All over the internet, you will find posts claiming that voting for anyone but Joe Biden in November is the same as voting for Donald Trump. Particularly in California, this is a silly lie, and no one should let it go unchallenged.
The United States does not have a national election for President: It has a separate election in each state on the same day, in which each state chooses a slate of presidential electors. A vote in California cannot count against a contrary vote in Wisconsin. Each Californian votes to help pick who will be chosen as the California slate of presidential electors, with the names on the ballot representing the nominee to whom that slate has pledged its votes.
People who study politics all agree on two things: First, unless the Democratic nominee suffers a catastrophic national failure by a landslide, the Democratic slate of electors will win in California. (And in that case, with a national landslide defeat, California’s electoral votes would not do the Democrat any good.) Second, they all agree that if the national election is not a landslide defeat for the Democrat, the Democrat will win in California by millions of votes. (And in that case, your vote for the Democrat will not make it any likelier that the Democrat will defeat Trump.)
So those who say that your vote for a third-party candidate in California will “help elect Trump” are just telling a falsehood. It can do no such thing. But if you do vote for a candidate who clearly and openly favors socialism, it can do some good – Certainly much more good than giving the Democrat one more vote to add to a margin of millions. Voting for a socialist nominee sends a clear message, and the more votes the louder the message. Imagine the shock it would send through Democratic Party circles if the outspoken socialists Gloria La Riva and Leonard Peltier, who will be the nominees of the Peace and Freedom Party for president and vice president, got a million votes in California!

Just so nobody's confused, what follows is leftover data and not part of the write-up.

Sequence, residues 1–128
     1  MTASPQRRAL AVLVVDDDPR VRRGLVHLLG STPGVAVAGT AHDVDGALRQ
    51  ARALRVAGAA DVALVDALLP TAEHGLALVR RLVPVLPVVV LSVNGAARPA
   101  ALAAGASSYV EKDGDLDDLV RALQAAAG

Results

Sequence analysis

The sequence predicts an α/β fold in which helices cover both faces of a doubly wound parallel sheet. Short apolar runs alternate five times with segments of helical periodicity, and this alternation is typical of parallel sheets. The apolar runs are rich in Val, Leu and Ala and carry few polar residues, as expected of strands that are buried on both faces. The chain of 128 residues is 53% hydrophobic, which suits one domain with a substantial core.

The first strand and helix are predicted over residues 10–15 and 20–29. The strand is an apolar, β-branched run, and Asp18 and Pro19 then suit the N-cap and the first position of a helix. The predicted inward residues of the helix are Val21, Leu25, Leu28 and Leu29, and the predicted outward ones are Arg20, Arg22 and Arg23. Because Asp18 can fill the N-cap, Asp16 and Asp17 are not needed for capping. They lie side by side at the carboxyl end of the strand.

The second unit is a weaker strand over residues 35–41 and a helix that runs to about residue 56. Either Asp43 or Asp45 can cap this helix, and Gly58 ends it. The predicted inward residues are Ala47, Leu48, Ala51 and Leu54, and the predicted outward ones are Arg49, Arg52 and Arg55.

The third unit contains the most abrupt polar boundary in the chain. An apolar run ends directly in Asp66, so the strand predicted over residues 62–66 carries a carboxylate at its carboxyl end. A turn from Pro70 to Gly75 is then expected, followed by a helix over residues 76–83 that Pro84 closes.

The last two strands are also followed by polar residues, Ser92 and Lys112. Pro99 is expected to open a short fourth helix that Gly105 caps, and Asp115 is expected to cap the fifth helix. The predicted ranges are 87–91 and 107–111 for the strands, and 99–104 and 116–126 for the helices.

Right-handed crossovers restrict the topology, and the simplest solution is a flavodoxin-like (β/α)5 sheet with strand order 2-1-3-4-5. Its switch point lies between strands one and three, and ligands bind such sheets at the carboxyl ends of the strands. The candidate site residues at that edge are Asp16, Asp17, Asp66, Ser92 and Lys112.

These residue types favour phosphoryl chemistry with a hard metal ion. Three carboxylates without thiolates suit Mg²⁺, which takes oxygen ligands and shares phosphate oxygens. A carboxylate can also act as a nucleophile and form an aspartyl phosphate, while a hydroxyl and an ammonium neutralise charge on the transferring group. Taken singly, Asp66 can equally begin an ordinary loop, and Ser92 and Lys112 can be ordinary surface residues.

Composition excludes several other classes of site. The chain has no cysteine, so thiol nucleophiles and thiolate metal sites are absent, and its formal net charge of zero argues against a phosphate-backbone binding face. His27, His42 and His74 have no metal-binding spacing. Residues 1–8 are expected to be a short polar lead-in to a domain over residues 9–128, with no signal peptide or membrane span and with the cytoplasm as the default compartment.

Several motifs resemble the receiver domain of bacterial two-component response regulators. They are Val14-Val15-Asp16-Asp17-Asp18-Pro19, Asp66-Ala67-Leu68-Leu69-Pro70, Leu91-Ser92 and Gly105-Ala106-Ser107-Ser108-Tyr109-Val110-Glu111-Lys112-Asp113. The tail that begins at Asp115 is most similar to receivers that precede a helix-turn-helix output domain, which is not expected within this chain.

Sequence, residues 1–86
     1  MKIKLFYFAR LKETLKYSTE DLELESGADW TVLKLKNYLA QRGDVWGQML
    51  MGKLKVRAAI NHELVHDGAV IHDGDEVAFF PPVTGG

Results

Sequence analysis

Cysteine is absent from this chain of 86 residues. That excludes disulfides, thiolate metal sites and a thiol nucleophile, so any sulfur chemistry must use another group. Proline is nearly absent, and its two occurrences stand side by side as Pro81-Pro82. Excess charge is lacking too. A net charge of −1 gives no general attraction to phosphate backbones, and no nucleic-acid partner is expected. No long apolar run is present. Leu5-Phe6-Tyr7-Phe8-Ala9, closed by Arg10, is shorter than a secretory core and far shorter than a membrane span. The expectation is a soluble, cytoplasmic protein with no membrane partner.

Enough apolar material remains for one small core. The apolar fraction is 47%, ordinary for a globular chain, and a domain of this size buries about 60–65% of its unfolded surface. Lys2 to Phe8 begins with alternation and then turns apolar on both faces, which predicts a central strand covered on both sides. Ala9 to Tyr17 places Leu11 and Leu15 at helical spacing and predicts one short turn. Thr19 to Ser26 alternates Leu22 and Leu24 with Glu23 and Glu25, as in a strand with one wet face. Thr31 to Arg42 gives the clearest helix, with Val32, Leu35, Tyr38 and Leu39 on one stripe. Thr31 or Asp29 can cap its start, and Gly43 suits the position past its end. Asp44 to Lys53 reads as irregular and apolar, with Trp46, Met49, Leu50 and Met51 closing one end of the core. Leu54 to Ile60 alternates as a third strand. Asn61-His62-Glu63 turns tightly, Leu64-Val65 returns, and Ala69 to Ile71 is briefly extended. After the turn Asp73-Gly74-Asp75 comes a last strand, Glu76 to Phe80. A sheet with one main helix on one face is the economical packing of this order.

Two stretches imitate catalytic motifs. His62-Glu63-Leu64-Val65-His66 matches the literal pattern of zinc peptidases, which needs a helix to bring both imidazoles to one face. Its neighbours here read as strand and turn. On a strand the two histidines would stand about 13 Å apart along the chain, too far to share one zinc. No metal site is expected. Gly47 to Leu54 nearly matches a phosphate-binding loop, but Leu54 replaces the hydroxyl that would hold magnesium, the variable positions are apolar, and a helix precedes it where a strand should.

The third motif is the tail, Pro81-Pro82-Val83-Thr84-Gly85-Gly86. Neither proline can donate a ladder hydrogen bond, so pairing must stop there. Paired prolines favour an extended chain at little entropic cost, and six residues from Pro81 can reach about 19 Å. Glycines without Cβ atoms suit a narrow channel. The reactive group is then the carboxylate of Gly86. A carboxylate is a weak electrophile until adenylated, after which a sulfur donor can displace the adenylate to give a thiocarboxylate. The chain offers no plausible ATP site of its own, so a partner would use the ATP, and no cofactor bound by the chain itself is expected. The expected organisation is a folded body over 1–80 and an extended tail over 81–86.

Big parties are influenced more in their direction by strong forces outside their ranks that offer them a challenge than by defeated candidates within their ranks. Look back at 1933. When the new Congress came into office that year, the Republicans and Democrats agreed that the proposal for Social Security was a “red plot,” a proposal supported only by communists and socialists. (And they were correct.) But as the months went on, the Social Security proposal gathered more and more popular support, and in fear of the masses of people tuning left, when the vote came a majority in Congress went along and supported Social Security. Democrats who had loudly red-baited the proposal early in the year then claimed credit for coming up with the idea!
Joe Biden has stubbornly opposed a single-payer medical system, or “Medicare For All.” And he has now obtained the nomination. Voting for him will do absolutely nothing to help win what we need in a national medical system, even as the need has never been clearer. But the closer on his heels that independent socialist forces tread, the likelier Biden is to go along, against his own desires, with “Medicare For All” if he is elected. The only way you can put that pressure on the politicians in November is by voting for socialists. The more votes Gloria La Riva and Leonard Peltier get in California in November, the more likely California’s congressional representatives will be to support medical care for all, as well as all the other issues the Peace and Freedom Party raises on behalf of working people.
Electoral politics is just a small part of the political action needed to empower working people and disempower the billionaires. But it is one important part of the whole. Make sure your vote goes where it will help, rather than hurt. As the great labor leader and socialist presidential candidate Eugene V. Debs said, “I’d rather vote for something I want and not get it than vote for something I don’t want and get it.”
Don’t waste your vote. Vote for what you want. Vote for socialism. Vote in November for Gloria La Riva and Leonard Peltier.
– written by Kevin Akin